MERRICK GARLAND: I don't know the answer to that, but they have to be refereed by the --

TOM MCCLINTOCK: A lot of the -- Wait a second. You know exactly how many people you're prosecuting from the riot on January 6, but you can't even give me a ballpark guess of how many people --

MERRICK GARLAND: I can't --

TOM MCCLINTOCK: You're prosecuting of the 1.7 million who have illegally crossed our border, committing a federal crime in doing so?

MERRICK GARLAND: I don't have that number on the top of my head, but I'd be happy to have our staff get back to you.

TOM MCCLINTOCK: Do you think that the failure to prosecute illegal border crossings might have something to do with the fact that our borders now being overwhelmed by illegal immigrants who tell reporters they wouldn't have considered making that trip under the Donald Trump administration?

MERRICK GARLAND: I think there are substantial number of issues driving migration towards the United States from the pandemic [Inaudible]

TOM MCCLINTOCK: Well, if you ask migrants --

MERRICK GARLAND: And the earthquakes --

TOM MCCLINTOCK: If you ask the migrants, they'll tell you, specifically, what's driving it. They can do it now. They can get in. Gallup -- and not fear prosecution from you. You know, Gallup tells us, there are about 42 million people living just in Latin America and the Caribbean who intend to come to the United States if they can based upon their polling.

A lot of people come each year on temporary visas, but then they fail to leave when those visas expire, again, in violation of federal law. Do you believe that those who illegally overstay their visas should respect our laws and return to their home countries?

MERRICK GARLAND: I think they should respect our laws. It's up to the Department of Homeland Security to make determinations about how we resolve these matters.

TOM MCCLINTOCK: And yet the administration is proposing amnesty to most visa overstays who arrived before January of 2021, including those whose visas have yet to expire. So, what you're telling us and what you're doing are two very different things. Let me go on. It's unlawful for an employer to knowingly hire an illegal alien.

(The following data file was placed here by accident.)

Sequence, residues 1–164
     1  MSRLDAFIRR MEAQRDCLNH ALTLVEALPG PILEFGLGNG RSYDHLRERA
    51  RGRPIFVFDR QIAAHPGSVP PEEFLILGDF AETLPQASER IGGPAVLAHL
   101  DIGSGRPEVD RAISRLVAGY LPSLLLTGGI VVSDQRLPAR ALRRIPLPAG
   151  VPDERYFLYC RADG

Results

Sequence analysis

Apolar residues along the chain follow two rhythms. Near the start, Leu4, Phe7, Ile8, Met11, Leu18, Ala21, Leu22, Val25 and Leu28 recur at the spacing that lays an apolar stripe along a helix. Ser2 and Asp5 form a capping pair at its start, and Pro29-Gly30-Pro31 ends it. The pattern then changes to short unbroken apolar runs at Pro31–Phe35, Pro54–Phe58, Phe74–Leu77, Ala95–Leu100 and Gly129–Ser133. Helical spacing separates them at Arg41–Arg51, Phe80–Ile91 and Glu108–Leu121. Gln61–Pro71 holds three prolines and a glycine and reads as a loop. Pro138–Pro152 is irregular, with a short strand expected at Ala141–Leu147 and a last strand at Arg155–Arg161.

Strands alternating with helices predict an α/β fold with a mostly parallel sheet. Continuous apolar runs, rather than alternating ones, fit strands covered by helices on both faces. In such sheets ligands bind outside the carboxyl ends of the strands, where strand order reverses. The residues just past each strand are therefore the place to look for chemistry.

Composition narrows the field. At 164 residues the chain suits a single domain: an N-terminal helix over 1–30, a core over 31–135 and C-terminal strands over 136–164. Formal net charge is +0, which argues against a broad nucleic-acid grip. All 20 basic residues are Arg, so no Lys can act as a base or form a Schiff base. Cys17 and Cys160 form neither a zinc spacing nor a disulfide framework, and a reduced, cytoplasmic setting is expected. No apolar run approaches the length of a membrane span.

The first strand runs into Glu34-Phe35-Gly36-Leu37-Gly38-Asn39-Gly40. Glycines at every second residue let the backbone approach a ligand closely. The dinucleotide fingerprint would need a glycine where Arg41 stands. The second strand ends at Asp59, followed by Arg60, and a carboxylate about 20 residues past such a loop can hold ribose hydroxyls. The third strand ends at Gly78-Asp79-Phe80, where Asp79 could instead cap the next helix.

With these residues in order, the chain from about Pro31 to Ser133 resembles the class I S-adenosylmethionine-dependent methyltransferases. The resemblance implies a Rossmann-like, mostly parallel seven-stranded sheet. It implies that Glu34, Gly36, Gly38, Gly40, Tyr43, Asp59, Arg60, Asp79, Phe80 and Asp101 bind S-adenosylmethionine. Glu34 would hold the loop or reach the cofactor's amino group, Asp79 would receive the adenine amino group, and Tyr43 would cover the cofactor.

How many prosecutions you pursuing under this law?

MERRICK GARLAND: Again, I don't know the number off the top of my head, but I'd be happy to have staff try to get back to you.

TOM MCCLINTOCK: It shocks me, given the fact that this is now an historic high on illegal border crossings -- you're the chief law enforcement officer of our country. You come here before this committee, you devote not a word in your spoken remarks to this issue. You devote, out of a 10-page written statement, one paragraph simply saying we need to expedite the immigration proceedings for asylum claims.

TOM MCCLINTOCK: I find that astonishing. Let me ask you this. Do you agree that an alien who's received proper notice of his or her immigration court hearing, who fails to appear at that hearing, absent exceptional circumstances, and is ordered removed in absentia should be removed from this country?

MERRICK GARLAND: And I'm not really familiar at exactly the circumstance you're talking about. There are rules about removal, and there are rules that the department has already established.

TOM MCCLINTOCK: When someone is ordered deported by a court --

MERRICK GARLAND: I'm sorry.

TOM MCCLINTOCK: If someone is someone is ordered deported --

MERRICK GARLAND: Yeah.

TOM MCCLINTOCK: By a court, should they be removed?

MERRICK GARLAND: They're ordered deported by a court, then we have an obligation to follow the court's order.

TOM MCCLINTOCK: And yet, the president on his opening day in office instructed Customs and -- Immigration and Customs Enforcement not to conduct such deportations.

MERRICK GARLAND: I'm not familiar with the specific thing you're talking about. I'm sorry.